For some reason, this past holiday season, all kinds of people told me about a tradition they practice after Christmas and before the New Year called "Pajama Day," or variations thereon. It's predicated on the notion that the run-up to whatever your holy-day in the Season of Light is, is fraught, too busy, exhausting, and that those participating need a break. Not only a break, but a full-stop, do nothing, laze around, eat/sleep/read sort of day.
This translates as no obligations. No appointments outside the house. No cooking. No cleaning. No nothin' except what you wanna, when you wanna, how you wanna. And that goes for everyone else in the house, too.
What could this possibly have to do with year-round holiness?
Well, dear one, it's not only Hanukkah, Christmas and Kwanzaa that are a fraught time of year. Most of us spend most of our time over-scheduled, overtired, undernourished at the level of soul. Most of us spend a lot of our time feeling obligated. Most of us need a Pajama Day. Dare I say it? A monthly Pajama Day.
The simplest form to follow for a pajama day is only to do what you want. Period. "No exceptions, no reservations, no loopholes," to quote Nobel Peace Prize Laureate Jody Williams. Do just what you wanna do when you wanna do it. Stay in your pajamas.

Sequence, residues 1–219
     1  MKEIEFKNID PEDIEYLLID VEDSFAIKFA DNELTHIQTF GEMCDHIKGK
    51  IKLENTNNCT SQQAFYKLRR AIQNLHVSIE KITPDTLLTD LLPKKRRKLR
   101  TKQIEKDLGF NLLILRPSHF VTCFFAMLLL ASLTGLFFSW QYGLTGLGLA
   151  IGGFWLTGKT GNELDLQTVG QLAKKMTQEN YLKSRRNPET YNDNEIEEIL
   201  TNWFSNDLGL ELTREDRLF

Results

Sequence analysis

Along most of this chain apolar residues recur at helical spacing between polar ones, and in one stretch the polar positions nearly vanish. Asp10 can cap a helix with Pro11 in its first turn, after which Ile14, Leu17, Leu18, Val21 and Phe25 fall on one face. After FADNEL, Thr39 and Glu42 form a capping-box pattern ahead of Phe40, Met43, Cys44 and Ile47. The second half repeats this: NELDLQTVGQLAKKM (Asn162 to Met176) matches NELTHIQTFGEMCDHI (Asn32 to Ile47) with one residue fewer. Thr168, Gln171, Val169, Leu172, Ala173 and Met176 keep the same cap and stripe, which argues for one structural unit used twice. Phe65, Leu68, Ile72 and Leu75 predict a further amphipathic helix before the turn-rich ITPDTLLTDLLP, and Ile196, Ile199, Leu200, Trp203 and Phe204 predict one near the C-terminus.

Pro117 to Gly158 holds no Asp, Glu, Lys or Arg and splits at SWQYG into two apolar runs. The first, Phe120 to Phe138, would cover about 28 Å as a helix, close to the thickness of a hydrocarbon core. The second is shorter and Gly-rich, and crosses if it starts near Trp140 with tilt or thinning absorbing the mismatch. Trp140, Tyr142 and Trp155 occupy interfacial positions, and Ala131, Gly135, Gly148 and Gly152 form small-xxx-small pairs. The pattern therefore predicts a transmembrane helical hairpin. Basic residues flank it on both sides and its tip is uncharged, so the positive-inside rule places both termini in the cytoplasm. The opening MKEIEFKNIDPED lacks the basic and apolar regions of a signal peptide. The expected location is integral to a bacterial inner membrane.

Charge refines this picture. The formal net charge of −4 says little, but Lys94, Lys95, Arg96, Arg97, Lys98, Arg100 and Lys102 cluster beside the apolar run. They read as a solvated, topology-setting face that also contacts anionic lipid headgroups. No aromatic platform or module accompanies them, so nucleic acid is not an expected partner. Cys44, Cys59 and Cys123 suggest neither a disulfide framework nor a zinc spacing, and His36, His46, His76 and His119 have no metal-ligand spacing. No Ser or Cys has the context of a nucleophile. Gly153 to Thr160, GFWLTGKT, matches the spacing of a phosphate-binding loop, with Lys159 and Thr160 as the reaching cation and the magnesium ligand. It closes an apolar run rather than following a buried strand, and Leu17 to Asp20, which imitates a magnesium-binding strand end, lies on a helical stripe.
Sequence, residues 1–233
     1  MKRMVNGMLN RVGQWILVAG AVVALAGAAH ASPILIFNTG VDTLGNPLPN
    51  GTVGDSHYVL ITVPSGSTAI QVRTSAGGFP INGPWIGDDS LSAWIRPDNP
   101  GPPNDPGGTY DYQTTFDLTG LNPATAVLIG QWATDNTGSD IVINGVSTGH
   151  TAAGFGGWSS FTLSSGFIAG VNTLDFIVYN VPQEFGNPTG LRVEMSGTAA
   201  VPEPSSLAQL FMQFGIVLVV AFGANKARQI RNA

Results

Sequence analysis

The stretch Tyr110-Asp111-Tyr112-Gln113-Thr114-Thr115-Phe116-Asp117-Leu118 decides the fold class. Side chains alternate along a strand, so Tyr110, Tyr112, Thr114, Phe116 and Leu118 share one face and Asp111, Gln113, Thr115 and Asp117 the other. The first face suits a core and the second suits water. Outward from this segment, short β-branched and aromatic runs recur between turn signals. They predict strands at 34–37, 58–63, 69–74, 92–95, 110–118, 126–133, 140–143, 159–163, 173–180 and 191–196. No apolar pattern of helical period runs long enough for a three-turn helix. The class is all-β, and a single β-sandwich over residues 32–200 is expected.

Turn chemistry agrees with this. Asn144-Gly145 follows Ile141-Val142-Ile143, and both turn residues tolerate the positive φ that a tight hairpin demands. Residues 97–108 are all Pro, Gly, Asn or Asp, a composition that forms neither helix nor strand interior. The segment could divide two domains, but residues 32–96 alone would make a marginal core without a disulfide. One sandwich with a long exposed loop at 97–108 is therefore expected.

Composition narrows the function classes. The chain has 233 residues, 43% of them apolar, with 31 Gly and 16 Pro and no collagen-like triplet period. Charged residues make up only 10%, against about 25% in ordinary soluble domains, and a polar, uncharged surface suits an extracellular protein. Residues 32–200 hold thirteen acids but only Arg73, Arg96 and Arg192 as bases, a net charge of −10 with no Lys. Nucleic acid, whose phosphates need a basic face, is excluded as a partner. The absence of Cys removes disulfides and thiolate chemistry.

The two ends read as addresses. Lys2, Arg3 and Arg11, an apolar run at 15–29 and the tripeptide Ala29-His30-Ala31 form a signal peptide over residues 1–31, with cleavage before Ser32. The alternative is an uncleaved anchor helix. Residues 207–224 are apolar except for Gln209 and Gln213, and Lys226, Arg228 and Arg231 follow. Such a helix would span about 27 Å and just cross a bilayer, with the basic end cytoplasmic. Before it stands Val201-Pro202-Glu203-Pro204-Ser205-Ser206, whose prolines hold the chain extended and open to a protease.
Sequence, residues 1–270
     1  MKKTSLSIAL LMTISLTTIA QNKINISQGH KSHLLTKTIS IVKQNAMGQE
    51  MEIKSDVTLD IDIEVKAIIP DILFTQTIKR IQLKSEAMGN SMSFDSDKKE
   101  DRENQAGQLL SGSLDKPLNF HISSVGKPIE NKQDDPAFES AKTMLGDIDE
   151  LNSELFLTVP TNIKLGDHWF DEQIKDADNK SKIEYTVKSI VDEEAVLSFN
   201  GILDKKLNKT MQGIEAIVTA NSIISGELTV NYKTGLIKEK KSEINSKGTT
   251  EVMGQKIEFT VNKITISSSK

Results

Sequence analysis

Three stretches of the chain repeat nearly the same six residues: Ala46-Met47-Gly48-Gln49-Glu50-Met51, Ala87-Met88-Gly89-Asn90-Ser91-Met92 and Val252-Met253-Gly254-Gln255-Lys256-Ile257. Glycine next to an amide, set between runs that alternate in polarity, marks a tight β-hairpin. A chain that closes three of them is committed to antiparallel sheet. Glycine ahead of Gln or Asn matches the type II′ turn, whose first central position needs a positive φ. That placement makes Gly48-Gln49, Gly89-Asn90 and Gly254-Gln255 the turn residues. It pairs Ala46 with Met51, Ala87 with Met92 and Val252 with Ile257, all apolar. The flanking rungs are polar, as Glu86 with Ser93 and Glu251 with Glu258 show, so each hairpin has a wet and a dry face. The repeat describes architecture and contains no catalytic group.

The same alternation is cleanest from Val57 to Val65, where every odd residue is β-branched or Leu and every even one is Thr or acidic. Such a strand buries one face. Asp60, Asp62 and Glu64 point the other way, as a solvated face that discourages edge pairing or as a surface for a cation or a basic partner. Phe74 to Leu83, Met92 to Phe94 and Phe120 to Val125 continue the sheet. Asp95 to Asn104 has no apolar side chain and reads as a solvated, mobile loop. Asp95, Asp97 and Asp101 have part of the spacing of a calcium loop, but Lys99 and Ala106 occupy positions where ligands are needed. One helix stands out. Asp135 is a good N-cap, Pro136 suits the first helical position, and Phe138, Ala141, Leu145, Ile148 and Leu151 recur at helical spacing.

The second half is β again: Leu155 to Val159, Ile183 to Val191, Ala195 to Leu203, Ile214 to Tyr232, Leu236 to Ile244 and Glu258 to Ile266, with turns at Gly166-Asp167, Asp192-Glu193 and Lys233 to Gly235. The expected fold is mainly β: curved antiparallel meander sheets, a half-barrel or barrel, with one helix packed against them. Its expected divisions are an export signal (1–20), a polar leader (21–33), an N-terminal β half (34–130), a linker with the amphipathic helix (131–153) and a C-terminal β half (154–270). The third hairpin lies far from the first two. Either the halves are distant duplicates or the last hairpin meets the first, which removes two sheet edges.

Pajamas are the costume that keeps us each closest to our true selves. We can't really lie about who we are or what we need when we're wearing our comfiest pajamas. That's why they're perfect for Pajama Days. Pajamas keep us closest to our own wholeness and holiness is a quick skip from wholeness.
So this year, consider creating an interior file in your soul called Pajama Day, and when things get crazed, out of nowhere, declare a blustery March Saturday Pajama Day, or a blistery August Sunday Pajama Day or any blessed day you feel like stopping and hanging out in your own holy wholeness.
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